Go to Top

When Does My Small Business Need an Office?

small business office

With more and more people working remote, it’s worth asking whether or not your small business even needs an office, and if it does then when is the best time to invest? While no one can tell you exactly when you need to invest in office space for your small business, below is a short list of some of the pros and cons of getting an office, which will hopefully help guide you towards your own conclusions on whether or not it’s time to get one.

 

Two Reasons You Should Get an Office:

You’ll seem more professional to your clients.

 

As your business grows and you start landing larger clients, having the ability to host them at your office will give off an air of professionalism. Furthermore, it will reassure them that they made the right decision in hiring you.

 

You’ll have more effective communication between your employees.

 

It’s no secret that communicating face-to-face is more effective than communicating over the phone or through email. Most communication is nonverbal, so having your employees working together under the same roof saves time by cutting down on confusion. Also, because of this daily face-to-face interaction, your employees are much less likely to feel emotionally isolated and lonely—which is a frequent issue with remote workers.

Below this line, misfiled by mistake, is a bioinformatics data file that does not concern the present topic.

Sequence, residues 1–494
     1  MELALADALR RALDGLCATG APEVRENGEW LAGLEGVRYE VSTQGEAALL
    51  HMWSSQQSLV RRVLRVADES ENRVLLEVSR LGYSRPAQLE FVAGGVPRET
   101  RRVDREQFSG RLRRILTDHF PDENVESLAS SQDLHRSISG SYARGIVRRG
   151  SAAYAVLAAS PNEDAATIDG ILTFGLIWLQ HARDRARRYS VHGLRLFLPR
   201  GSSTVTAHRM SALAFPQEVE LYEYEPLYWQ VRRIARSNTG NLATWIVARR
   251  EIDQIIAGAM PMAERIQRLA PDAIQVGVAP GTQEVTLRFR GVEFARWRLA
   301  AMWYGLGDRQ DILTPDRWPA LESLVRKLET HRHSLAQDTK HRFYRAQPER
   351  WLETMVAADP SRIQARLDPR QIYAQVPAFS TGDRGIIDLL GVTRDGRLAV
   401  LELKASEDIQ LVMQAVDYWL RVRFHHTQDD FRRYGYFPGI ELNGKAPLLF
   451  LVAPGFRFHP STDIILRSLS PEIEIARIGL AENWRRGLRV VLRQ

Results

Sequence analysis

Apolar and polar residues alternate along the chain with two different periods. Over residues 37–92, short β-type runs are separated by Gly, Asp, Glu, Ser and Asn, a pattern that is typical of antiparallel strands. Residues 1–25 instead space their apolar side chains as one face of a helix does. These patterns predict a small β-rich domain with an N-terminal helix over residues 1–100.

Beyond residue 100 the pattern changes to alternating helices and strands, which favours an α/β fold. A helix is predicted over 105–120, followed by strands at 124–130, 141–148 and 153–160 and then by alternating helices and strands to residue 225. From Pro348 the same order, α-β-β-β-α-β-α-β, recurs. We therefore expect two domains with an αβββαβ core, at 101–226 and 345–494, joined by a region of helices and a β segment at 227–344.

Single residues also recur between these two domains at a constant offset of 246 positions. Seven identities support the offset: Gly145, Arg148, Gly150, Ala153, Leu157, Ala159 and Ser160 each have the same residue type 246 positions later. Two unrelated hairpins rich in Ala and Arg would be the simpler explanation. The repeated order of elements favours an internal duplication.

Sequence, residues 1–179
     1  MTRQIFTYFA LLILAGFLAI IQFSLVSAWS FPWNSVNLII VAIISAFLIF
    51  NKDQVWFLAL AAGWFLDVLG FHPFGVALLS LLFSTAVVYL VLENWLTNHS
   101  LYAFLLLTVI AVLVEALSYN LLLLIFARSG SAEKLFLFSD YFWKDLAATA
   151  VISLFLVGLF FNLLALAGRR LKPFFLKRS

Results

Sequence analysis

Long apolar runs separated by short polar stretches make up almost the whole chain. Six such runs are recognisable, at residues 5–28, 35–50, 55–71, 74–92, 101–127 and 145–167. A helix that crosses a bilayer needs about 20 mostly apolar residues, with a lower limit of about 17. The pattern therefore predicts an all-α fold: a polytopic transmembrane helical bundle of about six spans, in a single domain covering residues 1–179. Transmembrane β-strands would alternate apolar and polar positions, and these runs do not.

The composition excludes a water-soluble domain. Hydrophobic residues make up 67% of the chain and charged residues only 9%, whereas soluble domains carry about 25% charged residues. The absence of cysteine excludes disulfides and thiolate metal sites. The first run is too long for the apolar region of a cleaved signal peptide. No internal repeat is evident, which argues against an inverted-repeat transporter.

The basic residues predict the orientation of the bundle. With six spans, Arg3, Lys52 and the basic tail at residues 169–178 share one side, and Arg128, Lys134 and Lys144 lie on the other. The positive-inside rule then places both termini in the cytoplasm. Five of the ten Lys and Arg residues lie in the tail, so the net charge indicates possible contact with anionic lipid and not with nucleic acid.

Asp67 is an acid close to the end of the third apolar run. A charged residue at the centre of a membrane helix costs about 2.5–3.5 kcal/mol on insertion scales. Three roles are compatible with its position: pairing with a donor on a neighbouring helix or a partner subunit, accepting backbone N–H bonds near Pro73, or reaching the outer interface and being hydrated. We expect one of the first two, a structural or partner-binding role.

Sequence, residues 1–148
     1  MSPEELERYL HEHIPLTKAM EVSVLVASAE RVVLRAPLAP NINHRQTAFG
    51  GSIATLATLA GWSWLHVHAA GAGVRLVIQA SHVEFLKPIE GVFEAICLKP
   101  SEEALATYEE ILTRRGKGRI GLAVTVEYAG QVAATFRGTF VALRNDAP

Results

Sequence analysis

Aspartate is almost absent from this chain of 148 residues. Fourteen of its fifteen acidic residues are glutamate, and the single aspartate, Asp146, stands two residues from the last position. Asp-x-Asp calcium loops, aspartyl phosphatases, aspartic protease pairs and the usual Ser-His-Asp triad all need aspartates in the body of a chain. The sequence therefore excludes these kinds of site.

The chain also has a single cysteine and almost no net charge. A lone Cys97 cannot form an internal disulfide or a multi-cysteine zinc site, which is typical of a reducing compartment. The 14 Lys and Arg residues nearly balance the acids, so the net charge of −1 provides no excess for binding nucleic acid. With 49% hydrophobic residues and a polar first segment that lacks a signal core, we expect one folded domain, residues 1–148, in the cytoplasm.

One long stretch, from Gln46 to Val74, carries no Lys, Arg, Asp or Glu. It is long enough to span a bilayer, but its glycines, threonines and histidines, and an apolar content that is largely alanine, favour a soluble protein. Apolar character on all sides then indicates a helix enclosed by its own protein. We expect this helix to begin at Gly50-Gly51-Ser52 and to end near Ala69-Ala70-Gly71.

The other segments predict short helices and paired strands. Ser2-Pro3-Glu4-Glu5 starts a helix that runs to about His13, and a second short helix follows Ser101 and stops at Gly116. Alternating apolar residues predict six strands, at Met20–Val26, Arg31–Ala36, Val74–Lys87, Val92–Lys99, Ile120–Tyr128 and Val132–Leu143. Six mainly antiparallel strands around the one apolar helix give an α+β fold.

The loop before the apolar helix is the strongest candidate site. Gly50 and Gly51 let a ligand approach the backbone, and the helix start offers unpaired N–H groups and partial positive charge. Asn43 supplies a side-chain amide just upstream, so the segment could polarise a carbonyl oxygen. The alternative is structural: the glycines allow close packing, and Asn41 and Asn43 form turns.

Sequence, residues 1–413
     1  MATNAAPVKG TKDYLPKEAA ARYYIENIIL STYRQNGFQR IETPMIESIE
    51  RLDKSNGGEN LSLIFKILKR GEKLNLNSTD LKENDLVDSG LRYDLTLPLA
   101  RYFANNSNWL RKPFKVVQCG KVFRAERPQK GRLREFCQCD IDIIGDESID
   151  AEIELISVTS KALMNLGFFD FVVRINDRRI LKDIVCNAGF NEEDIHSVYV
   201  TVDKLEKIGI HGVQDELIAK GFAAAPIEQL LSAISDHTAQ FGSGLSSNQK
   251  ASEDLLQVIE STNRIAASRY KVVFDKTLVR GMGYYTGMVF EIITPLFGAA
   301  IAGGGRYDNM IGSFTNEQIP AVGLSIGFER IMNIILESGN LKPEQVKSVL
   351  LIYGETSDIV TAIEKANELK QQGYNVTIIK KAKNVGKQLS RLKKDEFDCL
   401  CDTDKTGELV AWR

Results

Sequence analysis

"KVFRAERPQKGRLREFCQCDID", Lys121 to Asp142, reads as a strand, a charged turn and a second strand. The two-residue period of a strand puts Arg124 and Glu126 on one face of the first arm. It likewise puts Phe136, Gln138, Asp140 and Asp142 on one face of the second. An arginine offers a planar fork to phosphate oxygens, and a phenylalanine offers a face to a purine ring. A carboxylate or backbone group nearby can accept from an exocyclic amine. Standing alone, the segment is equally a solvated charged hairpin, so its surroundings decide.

Three Reasons, Maybe You Should Consider Holding Off:

 

It can be expensive.

 

Office space in most U.S. cities can run at a high cost—oftentimes tens of thousands of dollars a year. That is a huge amount of money for small businesses, money that could possibly be more effective when applied to other areas of your business.

 

It can be inconvenient.

 

If your employees—as well as prospective employees—are spread throughout the country, getting an office might not make much sense, especially if they don’t want to relocate.

 

It can be unproductive.

 

A lot of your employees may be more productive working remote. Unproductive work time can be a big drag on your company’s bottom line, so if getting an office and making all of your employees come in everyday means you’ll barely be scraping by, it might be best to hold off.

However, the above points don’t have to be black and white. If you do decide to get an office, you can always let your employees work remotely for a few to several days a week, which will allow you to capitalize on the benefits of both having an office and having your employees work remotely. In the end, the only person who can truly know if getting an office is the right move is you, but we hope we’ve given you some things to think about.